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No download of No.1 hit

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Comment Despite all the huff and puff emanating from the Australian music business about illegal file-sharing, it's comes as a bit of surprise to learn that you can't legally downloaded a number one single, even if you're prepared to shell out hard-earned cash for the privilege.

Jesse McCartney is a harmless enough young pop star and actor who stars in "Summerland" and has a chart-topping hit - "Beautiful Soul". Jesse epitomises all of the attributes that the recording industry likes to push – young, wholesome, American - spot on for the teen hearthrob market.

As has been widely reported, the Australian Record Industry Association (ARIA) and Recording Industry Association of America, among others, have been busily pushing so-called legitimate downloads. In its recent sales figures press release, ARIA had this to say:

"In 2004, there was a ten-fold increase in the global market for legitimate digital music downloads – a trend that the industry anticipates will start to be replicated locally during 2005. Whilst the online services currently operating in Australia have yet to break through in the same way that they have overseas, the industry is encouraged by the overseas results during 2004 and looks forward to similar success locally during 2005."

In their recent court proceedings against Sharman Networks and others it was clear that ARIA was also attempting to disseminate these messages:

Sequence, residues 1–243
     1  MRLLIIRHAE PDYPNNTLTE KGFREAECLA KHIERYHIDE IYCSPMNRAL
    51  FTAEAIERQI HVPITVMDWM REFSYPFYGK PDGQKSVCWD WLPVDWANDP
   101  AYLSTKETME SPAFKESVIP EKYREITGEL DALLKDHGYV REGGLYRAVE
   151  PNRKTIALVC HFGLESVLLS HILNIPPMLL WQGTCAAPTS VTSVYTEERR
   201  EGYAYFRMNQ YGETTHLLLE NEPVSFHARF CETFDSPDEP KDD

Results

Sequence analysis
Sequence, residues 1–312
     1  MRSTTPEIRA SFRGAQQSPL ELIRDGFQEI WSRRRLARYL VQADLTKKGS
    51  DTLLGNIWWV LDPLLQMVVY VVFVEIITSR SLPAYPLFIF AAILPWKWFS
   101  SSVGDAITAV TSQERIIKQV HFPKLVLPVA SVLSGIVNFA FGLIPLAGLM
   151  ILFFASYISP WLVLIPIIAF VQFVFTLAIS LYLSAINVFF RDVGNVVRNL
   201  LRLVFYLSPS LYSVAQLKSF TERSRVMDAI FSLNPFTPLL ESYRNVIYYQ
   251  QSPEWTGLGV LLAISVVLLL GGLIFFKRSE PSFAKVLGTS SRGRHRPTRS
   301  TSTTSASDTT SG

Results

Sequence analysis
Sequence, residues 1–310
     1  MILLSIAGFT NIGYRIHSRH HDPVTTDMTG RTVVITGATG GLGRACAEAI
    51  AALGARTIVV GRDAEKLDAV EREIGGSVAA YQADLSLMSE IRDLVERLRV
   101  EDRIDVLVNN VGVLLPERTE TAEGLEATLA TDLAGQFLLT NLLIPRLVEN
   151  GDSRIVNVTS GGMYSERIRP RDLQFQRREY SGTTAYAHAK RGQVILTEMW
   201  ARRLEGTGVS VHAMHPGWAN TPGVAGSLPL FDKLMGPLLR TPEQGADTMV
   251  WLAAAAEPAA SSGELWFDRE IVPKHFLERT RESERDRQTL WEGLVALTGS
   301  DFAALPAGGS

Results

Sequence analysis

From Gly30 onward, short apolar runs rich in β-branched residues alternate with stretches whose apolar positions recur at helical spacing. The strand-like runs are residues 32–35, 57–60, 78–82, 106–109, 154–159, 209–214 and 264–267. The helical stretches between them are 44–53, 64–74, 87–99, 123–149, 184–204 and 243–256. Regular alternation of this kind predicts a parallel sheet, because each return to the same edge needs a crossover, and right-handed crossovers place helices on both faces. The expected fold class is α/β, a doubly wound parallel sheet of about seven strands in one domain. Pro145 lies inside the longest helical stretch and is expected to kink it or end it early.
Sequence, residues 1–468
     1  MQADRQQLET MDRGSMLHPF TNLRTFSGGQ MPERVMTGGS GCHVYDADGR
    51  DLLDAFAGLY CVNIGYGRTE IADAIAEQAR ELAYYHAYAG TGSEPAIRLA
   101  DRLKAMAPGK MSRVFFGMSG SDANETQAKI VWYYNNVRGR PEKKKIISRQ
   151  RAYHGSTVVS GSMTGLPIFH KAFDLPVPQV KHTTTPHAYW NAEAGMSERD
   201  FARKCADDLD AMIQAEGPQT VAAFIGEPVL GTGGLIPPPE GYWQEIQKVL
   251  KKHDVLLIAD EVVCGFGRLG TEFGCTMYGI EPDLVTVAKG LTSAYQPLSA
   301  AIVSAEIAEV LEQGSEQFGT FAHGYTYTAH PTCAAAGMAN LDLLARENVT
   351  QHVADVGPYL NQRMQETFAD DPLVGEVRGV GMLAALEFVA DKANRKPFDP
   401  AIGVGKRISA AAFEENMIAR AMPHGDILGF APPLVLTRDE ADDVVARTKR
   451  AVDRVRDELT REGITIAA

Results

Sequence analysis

• Don’t download music from peer to peer services such as Kazaa, buy your CDs instead.
  • But of you have to download music, pay for it – and buy it from one of the three authorised retailers of downloads in Australia – Bigpond music, Ninemsn or Destra (through Sanity or one of their other partners).

So after all of this, and all of the money spent in the Kazaa case, you’d think you could buy a download of Jesse McCartney’s national number one single.

Right? Well... wrong!

According to my study of the top 20 ARIAnet singles and recent releases, many chart titles could not be purchased from Bigpond music, Ninemsn or Destra. Hit singles unavailable from all of the services included Jesse’s McCartney’s aforementioned smash, as well as hits from Tammin, the Wrights, Garbage and Lil Jon. This leaves iPod-owning fans of these (and other) tracks with two choices: either buy the CD singles and rip them into a compressed digital format so that they can be played on their hardware; or download the track from an unauthorised peer-to-peer service/MP3 website.

Beware, though: both of these alternatives are illegal under Australian copyright law. And forget going stateside, because Australian consumers still can't access iTunes and other MP3 services from the United States. ®

Alex Malik is a lawyer, music industry commentator, and academic researcher at the University of Technology in Sydney. He is currently undertaking a PHD in law, with a specialisation in copyright law in the digital age. He can be contacted at Alex.Malik@student.uts.edu.au

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